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Neuritin Up-regulates Kv4.2 α -Subunit of Potassium Channel Expression and Affects Neuronal Excitability by Regulating the Calcium-Calcineurin-NFATc4 Signaling Pathway *

View Article: PubMed Central - PubMed

ABSTRACT

Neuritin is an important neurotrophin that regulates neural development, synaptic plasticity, and neuronal survival. Elucidating the downstream molecular signaling is important for potential therapeutic applications of neuritin in neuronal dysfunctions. We previously showed that neuritin up-regulates transient potassium outward current (IA) subunit Kv4.2 expression and increases IA densities, in part by activating the insulin receptor signaling pathway. Molecular mechanisms of neuritin-induced Kv4.2 expression remain elusive. Here, we report that the Ca2+/calcineurin (CaN)/nuclear factor of activated T-cells (NFAT) c4 axis is required for neuritin-induced Kv4.2 transcriptional expression and potentiation of IA densities in cerebellum granule neurons. We found that neuritin elevates intracellular Ca2+ and increases Kv4.2 expression and IA densities; this effect was sensitive to CaN inhibition and was eliminated in Nfatc4−/− mice but not in Nfatc2−/− mice. Stimulation with neuritin significantly increased nuclear accumulation of NFATc4 in cerebellum granule cells and HeLa cells, which expressed IR. Furthermore, NFATc4 was recruited to the Kv4.2 gene promoter loci detected by luciferase reporter and chromatin immunoprecipitation assays. More importantly, data obtained from cortical neurons following adeno-associated virus-mediated overexpression of neuritin indicated that reduced neuronal excitability and increased formation of dendritic spines were abrogated in the Nfatc4−/− mice. Together, these data demonstrate an indispensable role for the CaN/NFATc4 signaling pathway in neuritin-regulated neuronal functions.

No MeSH data available.


Schematic illustration depicting Ca2+/CaN-dependent NFATc4 activity on the modulation of neuritin-induced Kv4.2 expression and the subsequent increase in IA channel density.
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Figure 8: Schematic illustration depicting Ca2+/CaN-dependent NFATc4 activity on the modulation of neuritin-induced Kv4.2 expression and the subsequent increase in IA channel density.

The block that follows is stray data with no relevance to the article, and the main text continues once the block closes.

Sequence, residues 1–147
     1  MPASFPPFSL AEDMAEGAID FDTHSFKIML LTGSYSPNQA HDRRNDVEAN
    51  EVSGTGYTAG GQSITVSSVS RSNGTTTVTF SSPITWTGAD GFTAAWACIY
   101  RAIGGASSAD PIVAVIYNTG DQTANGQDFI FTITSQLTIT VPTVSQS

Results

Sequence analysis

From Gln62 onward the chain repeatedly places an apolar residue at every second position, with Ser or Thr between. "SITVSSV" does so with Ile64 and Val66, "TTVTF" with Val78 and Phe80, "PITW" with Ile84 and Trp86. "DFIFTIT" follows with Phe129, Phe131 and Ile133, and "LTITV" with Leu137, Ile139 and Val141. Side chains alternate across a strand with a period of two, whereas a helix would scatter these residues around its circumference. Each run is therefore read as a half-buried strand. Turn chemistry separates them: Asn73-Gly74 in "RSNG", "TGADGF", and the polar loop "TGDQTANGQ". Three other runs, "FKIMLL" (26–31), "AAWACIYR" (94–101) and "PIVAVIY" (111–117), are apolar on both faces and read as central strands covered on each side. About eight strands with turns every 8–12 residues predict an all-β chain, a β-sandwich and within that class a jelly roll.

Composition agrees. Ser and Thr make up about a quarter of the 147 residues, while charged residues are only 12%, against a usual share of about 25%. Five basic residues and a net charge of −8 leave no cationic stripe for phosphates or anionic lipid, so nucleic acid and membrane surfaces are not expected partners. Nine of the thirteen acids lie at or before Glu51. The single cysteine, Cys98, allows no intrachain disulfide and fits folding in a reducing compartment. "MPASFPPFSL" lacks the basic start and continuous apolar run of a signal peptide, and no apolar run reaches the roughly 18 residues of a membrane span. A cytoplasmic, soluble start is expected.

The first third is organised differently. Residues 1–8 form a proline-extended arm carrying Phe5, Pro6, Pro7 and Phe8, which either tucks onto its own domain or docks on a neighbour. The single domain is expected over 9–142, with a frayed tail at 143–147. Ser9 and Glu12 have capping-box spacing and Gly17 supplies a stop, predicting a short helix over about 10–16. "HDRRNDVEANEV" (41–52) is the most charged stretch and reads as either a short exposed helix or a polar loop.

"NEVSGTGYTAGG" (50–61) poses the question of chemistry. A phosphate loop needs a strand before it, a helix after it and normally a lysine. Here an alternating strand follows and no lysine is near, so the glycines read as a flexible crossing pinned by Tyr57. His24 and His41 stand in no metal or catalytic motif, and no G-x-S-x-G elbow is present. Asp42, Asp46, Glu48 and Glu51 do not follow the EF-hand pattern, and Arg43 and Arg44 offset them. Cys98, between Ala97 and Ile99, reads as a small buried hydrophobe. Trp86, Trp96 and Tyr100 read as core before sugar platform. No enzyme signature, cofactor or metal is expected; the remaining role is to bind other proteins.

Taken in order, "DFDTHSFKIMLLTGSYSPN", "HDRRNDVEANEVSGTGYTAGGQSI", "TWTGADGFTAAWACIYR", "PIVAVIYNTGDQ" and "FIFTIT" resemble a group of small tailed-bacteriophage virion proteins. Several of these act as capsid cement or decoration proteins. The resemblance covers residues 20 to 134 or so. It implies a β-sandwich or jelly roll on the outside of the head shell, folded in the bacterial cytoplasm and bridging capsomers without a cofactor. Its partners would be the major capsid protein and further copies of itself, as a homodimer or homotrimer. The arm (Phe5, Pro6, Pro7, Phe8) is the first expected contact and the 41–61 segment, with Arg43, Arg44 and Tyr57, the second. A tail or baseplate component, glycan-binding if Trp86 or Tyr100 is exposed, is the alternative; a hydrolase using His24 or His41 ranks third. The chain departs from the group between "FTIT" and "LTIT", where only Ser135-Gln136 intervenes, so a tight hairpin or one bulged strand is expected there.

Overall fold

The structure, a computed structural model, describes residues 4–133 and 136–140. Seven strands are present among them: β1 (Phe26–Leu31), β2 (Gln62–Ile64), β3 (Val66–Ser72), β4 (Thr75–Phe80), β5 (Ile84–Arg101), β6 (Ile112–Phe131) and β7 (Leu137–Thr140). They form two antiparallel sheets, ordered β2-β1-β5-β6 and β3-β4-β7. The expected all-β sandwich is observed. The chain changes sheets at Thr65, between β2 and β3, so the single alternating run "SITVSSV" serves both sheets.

Mentions: We previously reported that neuritin-up-regulated Kv4.2 expression was associated with the activation of both MEK-ERK and Akt-mTOR pathways in rat CGNs via the IR (5). A recent observation by Ulrich et al. (19) demonstrated that inhibition of p38 or mTOR kinases had no significant effect on translocation of NFATc4 in dorsal root ganglion neurons, which may be due to the fact that the Akt-mTOR pathway is more specific to translational processes during protein synthesis (43). This study further suggested that there was cross-talk between CaN and ERK in the CaN-NFATc4 pathway even though it was the Akt-mTOR pathway that was involved in neuritin-induced Kv4.2 expression (5). Our data are consistent with the observation of Ulrich et al. (19) that inhibition of p38 or mTOR kinases had no significant effect on translocation of NFATc4 in dorsal root ganglion neurons. Studies by Yang et al. (44) and Chandrasekar et al. (45) have shown that activation of ERK resulted in phosphorylation of Ser676 in NFATc4, which led to greater DNA binding of NFATc4 and provides an additional mechanism for the modulation of NFATc4 transcriptional activity. Thus, it is possible that neuritin activates the CaM-CaN pathway, which dephosphorylates NFATc4 at Ser168 and Ser170 and facilitates NFATc4 translocation into the nucleus. Meanwhile, neuritin also activates the Ras/Raf/ERK pathway, which phosphorylates NFATc4 at Ser676 and increases the DNA binding of NFATc4. These two signal pathways may thus work together to provide optimal conditions for NFATc4 to modulate transcription of the Kv4.2 gene. Further research will be needed to establish the existence of cross-talk between CaN and ERK. Fig. 8 is proposed as a model depicting the mechanisms likely involved in the transcriptional modulation of Kv4.2 expression by the CaN/NFATc4 signaling pathway in cerebellar GCs.